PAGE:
Upper 80s, as warm tempeatures, that's what awaiting for this feature, and it could certainly develop by Wednesday and into Thursday in a general westward track over the next several days. Where it ends up and how it ends up, we just can't tell you. It's too early.

Some models depicting the move. As far as what's going to happen, at least the next couple of days, very heavy rain across the Southeast. We certainly know that. And then once it moves into the Gulf of Mexico, that will happen on Wednesday. It could develop into our third system that will impact the United States.

We've had Andrea before the season even started. This would be Tropical Storm Barry -- guys.


ROMANS: All right.

BERMAN: All right. Here we go.

Ahead, two rookies battling it out for the home run derby title and 1 million bucks. Andy Scholes has a remarkable show in Cleveland in the "Bleacher Report".


[05:21:59] BRIGGS: As the U.S. women's national team gets set for the ticker tape parade through New York City, they continue to fight for equal pay.

Andy Scholes has that story in the "Bleacher Report".

Good morning, my friend.


The team arriving back home last night. And the celebration tour going all week long. Interviews today, including Megan Rapinoe joining Anderson Cooper at 8:00 Eastern tonight and tomorrow, they will have the parade in New York City. Then, the team is going to head to Los Angeles for the ESPYS that night. Now, Rapinoe and Alex Morgan gracing the latest cover of "Sports Illustrated" with the iconic pose from the championship game.

This team certainly more than just champions on the field. They're trying to make real change as they fight for equal pay.


ALEX MORGAN, WOMEN'S WORLD CUP CHAMPION: It's so evident more today than ever that we do need to use our voice for what we believe in and for the opinions that we have.

MEGAN RAPINOE, WOMEN'S WORLD CUP CHAMPION: We understand what kind of stage we're on. We're very aware of the tension we have. We knew this would be a huge summer for us in many different ways. This is just the first step in a very big summer.


SCHOLES: Now, Coco Gauff's magical run at Wimbledon coming to an end yesterday. The 15-year-old losing to former world number one Simona Halep 6-3, 6-3. Coco is the youngest to make it to the round in 28 years.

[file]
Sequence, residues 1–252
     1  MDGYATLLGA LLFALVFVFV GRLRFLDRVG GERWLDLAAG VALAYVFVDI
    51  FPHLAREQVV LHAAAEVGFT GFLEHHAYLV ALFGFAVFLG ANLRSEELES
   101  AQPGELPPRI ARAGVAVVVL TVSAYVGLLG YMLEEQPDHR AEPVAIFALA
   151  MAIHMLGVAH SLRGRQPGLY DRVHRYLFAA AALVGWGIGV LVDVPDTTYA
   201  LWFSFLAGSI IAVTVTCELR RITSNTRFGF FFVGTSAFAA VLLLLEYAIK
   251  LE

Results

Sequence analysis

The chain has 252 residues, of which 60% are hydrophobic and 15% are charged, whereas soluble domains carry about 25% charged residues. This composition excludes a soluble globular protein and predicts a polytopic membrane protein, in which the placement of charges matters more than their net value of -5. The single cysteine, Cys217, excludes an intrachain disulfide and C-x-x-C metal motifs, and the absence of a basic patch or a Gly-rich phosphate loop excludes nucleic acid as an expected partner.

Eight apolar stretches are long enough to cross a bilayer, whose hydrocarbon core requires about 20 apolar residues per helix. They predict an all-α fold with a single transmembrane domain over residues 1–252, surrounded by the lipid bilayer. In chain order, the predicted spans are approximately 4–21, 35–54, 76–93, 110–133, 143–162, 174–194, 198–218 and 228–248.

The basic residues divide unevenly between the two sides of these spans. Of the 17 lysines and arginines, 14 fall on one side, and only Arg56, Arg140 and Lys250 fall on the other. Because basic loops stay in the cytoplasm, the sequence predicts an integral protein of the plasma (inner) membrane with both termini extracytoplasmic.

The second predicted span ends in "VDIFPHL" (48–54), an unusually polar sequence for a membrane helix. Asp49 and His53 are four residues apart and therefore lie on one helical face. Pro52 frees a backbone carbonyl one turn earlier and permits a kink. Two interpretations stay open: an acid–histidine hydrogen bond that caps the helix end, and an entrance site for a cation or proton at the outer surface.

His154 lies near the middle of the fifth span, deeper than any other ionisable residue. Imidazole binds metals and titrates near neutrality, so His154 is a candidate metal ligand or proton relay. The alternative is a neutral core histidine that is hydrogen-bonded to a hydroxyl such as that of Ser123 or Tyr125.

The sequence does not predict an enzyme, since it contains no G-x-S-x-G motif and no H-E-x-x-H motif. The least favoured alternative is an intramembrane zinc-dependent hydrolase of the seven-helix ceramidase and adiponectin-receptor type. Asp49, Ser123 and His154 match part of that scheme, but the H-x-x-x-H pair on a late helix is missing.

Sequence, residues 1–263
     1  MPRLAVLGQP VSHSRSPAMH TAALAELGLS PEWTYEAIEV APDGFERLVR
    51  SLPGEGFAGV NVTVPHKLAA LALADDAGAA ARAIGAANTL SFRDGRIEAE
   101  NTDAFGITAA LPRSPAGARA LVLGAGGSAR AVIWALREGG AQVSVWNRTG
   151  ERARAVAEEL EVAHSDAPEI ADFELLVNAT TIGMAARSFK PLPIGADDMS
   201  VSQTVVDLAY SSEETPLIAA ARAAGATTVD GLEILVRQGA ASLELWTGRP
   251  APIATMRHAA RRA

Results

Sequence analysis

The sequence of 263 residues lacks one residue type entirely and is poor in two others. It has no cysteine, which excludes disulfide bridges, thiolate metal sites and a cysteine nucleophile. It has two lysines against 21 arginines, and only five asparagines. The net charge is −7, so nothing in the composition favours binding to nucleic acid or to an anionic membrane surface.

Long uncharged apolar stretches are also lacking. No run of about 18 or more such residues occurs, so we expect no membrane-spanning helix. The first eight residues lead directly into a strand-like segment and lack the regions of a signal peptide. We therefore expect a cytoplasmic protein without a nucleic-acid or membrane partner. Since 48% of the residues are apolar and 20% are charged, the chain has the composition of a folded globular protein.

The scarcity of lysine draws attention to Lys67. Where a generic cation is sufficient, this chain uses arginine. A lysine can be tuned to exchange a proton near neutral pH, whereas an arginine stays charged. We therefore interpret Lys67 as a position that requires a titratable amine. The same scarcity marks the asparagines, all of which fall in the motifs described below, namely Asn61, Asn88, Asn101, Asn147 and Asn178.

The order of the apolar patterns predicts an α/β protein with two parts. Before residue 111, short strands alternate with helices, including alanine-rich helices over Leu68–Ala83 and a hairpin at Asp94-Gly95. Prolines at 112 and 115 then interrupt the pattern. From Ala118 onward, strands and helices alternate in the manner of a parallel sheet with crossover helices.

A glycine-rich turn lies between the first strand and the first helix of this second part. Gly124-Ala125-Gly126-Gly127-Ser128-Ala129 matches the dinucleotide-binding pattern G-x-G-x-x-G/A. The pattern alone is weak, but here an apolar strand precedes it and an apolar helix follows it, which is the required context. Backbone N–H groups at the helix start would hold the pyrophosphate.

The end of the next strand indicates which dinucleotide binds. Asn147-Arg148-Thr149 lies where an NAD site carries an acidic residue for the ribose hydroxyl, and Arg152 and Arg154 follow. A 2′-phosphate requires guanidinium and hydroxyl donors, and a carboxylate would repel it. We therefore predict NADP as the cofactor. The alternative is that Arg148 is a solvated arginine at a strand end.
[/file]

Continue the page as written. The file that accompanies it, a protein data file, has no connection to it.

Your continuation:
Her parents told NBC she's in year 7 of a 10-year plan to win a major. They added the surprise has come so early. Coco found it hard to believe herself.


CORI GAUFF, 15-YEAR-OLD TENNIS PHENOM: If somebody told me this maybe three weeks ago, I probably wouldn't believe it. If I knew how hard I worked and I knew what shots I could make and what was possible. I hope you learned about me that I'm a fighter and that I will never give up and I hope they learned from me that, I mean, anything is possible if you work hard and just continue to dream big.


SCHOLES: Yes, be sure to tune in to NEW DAY later this morning as Coco joins the show to talk about her incredible run at Wimbledon.

Finally, last night's home run derby in Cleveland was arguably the best every. Vlad Guerrero Jr. jutting on a show, hitting 29 home runs to the first run. Then he and Dodger's John Pederson had an epic match-up that went to triple overtime with Vlad Jr. finally beating him 40 to 39. Vlad Jr. hitting 91 home runs but he lost.

The Mets' Pete Alonso beating him in the finals to take home the million dollar prize.

And, Dave, because Alonzo won, the Mets are offering 80 percent off tickets for the rest of the season and I was browsing on the Website earlier. Select sections, this is what it's for. You can get a $57 ticket for $12.

BRIGGS: OK, I am on the website now. That tells you a lot about the Mets season that they can basically give them away.

SCHOLES: Eighty percent.

BRIGGS: Please come see the Mets.


BRIGGS: Andy Scholes, great stuff, thank you.


ROMANS: When the ticket is less than the beer, you know you're in trouble.

[05:25:03] All right. Thanks so much. All right. He gave Jeffrey Epstein a sweetheart deal a decade ago.

Now, Epstein faces new sex trafficking charges, should Alex Acosta keep his job in the Trump cabinet?


ROMANS: Can Alex Acosta hang on to his cabinet post? New questions after a sex trafficking indictment against a financier Acosta gave a sweetheart deal to a decade ago.

BRIGGS: A blow to consumers. Drug prices won't be featured in TV ads. A new rule blocked by a federal judge.

Welcome back to EARLY START, everybody, on a Tuesday, I'm Dave Briggs.

ROMANS: It is a Tuesday. I'm Christine Romans. It's early on Tuesday, 5:30 a.m. in the East.

Let's begin here with this story. A new sex trafficking indictment of politically connected multi-millionaire Jeffrey Epstein, raising new questions about a Trump cabinet official, the first of what could be many calls from the labor secretary, Alexander.